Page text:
Musk's Twitter amnesty raises new fears over online hate
Elon Musk is promising to reinstate more banned Twitter accounts even as a coalition of groups is out with a fresh warning that online hate is on the rise.
Why it matters: It's another risky bet by Twitter's "free speech"-espousing owner that he can dial back enforcement of content rules without releasing a torrent of racism, anti-semitism and anti-LGBTQ speech that could further erode the service's already shaky advertising base.
Driving the news: Elon Musk said in a tweet on Thursday that he would offer "amnesty" starting this week to previously banned accounts, provided they hadn't broken the law or engaged in "egregious" spam.
- The move followed an unscientific poll of his Twitter followers showing support for such a move.
- After a similar poll, Musk earlier reinstated the accounts of former president Donald Trump, who was permanently suspended from Twitter after his tweets helped incite the Jan. 6 attack on the U.S. Capitol, as well as several other banned accounts.
- At the same time, a wave of layoffs and resignations of Twitter staff and contractors have decimated the teams responsible for monitoring and taking action against rule-breaking accounts.
Meanwhile, civil rights groups say that women, people of color and LGBTQ folks are experiencing both harassment and threats of real-world violence when they go online, according to findings of a new poll the groups commissioned from YouGov and shared first with Axios.
By the numbers: In results of the poll, conducted on behalf of Ultraviolet, GLAAD, Kairos, and the Women's March, 57 percent of respondents said they have seen a post that calls for actual violence against someone based on their race, gender, sexuality, or another personal characteristic.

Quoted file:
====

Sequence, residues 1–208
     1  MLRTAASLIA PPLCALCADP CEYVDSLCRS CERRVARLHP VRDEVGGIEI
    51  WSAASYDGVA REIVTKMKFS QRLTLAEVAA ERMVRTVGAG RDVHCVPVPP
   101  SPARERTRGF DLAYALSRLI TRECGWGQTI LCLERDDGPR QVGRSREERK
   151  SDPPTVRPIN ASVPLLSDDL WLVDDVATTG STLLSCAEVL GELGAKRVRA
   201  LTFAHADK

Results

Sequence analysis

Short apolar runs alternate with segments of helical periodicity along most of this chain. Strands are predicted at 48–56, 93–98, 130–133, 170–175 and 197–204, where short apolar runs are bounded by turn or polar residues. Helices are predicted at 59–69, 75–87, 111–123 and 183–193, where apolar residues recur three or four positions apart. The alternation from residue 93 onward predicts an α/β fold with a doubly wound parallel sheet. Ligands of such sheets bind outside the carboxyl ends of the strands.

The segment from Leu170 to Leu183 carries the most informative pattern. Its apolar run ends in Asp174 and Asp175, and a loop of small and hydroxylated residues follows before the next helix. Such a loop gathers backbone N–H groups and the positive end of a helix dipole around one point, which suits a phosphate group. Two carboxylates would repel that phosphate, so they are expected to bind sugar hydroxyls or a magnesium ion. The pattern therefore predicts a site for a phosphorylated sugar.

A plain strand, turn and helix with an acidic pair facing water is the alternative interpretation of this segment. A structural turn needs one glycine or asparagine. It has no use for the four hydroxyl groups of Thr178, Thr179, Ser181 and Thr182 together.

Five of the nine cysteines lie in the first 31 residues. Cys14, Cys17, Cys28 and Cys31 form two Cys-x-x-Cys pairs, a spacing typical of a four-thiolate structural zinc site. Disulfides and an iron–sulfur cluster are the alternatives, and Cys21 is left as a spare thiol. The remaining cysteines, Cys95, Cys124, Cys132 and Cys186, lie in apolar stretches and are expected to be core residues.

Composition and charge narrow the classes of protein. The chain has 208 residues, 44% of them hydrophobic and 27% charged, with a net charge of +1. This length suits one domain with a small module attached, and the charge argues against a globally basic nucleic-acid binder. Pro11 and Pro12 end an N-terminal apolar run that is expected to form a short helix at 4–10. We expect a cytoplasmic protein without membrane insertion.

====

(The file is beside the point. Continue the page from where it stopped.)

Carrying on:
- Women and people who identify as LGBTQ+ reported higher rates of harassment than the average respondent.
- Respondents described false information as an issue across multiple platforms, with Facebook and Twitter being seen as the most problematic, and a large majority said the platforms should be held accountable.
The big picture: Civil rights groups have already pointed to a rise in racist and antisemitic tweets under Elon Musk even ahead of moves to reinstate previously banned accounts.
- Advocates have been sounding alarms about growing risks of online hate speech translating into real-world violence, with renewed warnings after this month's shooting in Colorado Springs.
Between the lines: Musk's amnesty declaration suggests that Twitter's old speech rules no longer apply, and henceforth only law-breaking, "egregious spam" and calls to violence will cause Twitter to take action.
- That appears to leave the door wide open for hate speech, abuse, bullying and targeted harassment.
- Musk followed up his pledge to reinstate previously banned accounts with a call for civil debate on the site, but offered no plan for how to encourage it.
- Musk said in a Twitter conversation with author Stephen King on Saturday that his goal is "a trusted digital town square, where a wide range of views are tolerated, provided people don’t break the law or spam." He also promised that "any incitement to violence will result in account suspension."
Yes, but: Critics of Musk’s approach say that he is asking for civil debates where the starting point is inherently un-civil, as when people express white supremacy or equate LGBTQ identity with child abuse.
- "I cannot 'engage in civil debate' about whether or not I am who I say I am or whether I should exist, but ok, dude," transgender writer Parker Molloy said in response to Musk.
Be smart: Musk's toleration of a broader range of hateful speech might pass legal muster in the U.S. but is likely to run afoul of laws in many nations around the world.
The bottom line: Maintaining civil discourse online has always been a challenge, and enforcing speech rules is tough even when they're consistent and well understood. Musk's improvisational policy-by-tweet almost guarantees Twitter's speech conflicts will deepen.